Japan Jan services activity growth at three-month high - PMI

A woman works at a coffee shop in Tokyo

TOKYO (Reuters) - Japan's services sector activity grew at its fastest pace in three months in January, but worsening inflation and employment trends point to challenges ahead, a business survey showed, as policymakers bet on the country's economic reopening to lift demand.

Friday's final au Jibun Bank Japan Services purchasing managers' index (PMI) rose in January to a seasonally adjusted 52.3 from December's 51.1, marking the fastest pace since October.

The final figure was slightly lower than the flash reading of 52.4, but stayed above the 50-mark that separates expansion from contraction for a fifth straight month.

"The start of 2023 saw a continuation of the recent positive news in the Japanese service sector as the economy continues to recover from the pandemic," said Andrew Harker, economics director at the pollster S&P Global Market Intelligence.

The subindexes for new orders and demand from overseas customers showed growth for a fifth month, thanks to Japan's relaxation of border controls, which boosted monthly visitors to the country above one million in December for the first time since February 2020. The pace of overseas demand, however, eased off slightly last month.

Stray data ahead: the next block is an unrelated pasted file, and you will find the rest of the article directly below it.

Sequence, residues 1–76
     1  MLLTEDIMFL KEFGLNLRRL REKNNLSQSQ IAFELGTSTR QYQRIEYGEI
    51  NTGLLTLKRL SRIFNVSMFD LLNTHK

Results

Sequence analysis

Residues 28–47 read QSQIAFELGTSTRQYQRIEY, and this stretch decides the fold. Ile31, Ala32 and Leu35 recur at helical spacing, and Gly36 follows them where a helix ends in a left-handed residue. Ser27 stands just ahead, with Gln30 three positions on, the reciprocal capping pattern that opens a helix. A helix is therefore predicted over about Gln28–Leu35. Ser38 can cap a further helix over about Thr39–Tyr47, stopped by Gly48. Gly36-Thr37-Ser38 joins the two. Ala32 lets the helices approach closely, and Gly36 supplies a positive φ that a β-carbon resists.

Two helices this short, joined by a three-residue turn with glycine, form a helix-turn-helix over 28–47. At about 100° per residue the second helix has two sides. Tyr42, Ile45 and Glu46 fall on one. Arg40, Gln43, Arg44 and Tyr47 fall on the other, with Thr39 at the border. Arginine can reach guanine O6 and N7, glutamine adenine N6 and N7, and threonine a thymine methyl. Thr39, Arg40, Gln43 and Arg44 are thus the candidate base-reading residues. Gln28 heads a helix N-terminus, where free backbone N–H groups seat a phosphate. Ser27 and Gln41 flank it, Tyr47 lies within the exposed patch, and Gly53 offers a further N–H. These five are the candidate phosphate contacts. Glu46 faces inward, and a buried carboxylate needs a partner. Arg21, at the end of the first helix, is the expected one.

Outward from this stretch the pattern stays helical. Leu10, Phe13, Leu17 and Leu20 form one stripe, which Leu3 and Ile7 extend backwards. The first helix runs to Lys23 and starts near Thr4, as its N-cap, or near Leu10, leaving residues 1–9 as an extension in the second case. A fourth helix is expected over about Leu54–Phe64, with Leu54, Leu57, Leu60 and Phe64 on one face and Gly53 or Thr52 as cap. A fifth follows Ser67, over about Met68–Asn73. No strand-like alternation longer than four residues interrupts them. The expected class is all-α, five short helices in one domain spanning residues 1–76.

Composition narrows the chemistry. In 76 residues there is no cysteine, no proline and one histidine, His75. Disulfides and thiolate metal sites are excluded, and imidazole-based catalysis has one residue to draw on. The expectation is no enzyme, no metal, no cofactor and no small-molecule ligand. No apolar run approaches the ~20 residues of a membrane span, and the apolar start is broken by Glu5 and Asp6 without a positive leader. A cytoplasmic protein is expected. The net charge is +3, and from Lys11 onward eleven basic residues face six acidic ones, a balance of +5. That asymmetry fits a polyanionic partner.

Service-sector firms were also cheered by the National Travel Discount Programme, a government-funded campaign that subsidies domestic trip expenses, Harker said.

On the flip side, the rate of input price inflation rose to a three-month high, while output price growth slowed from the previous month to a five-month low.

The contrasting price trends, which signals service companies' deteriorating profitability, bodes ill for the economy as firms and labour unions enter into annual pay negotiations, where higher wage hikes are seen as an important driver in underpinning Japan's post-pandemic growth.

In the service-sector survey, the subindex for employment posted the first contraction in 12 months as retirements outgrew the new recruits.

"These developments, and the limit they may place on growth, meant that companies were slightly less bullish about the outlook than they have been recently," said Harker.

The data also showed the composite PMI, which combines the manufacturing and services figures, rose to 50.7 in January from the previous month's 49.7, moving above the break-even 50 mark for the first time in three months.

(Reporting by Kantaro Komiya; Editing by Shri Navaratnam)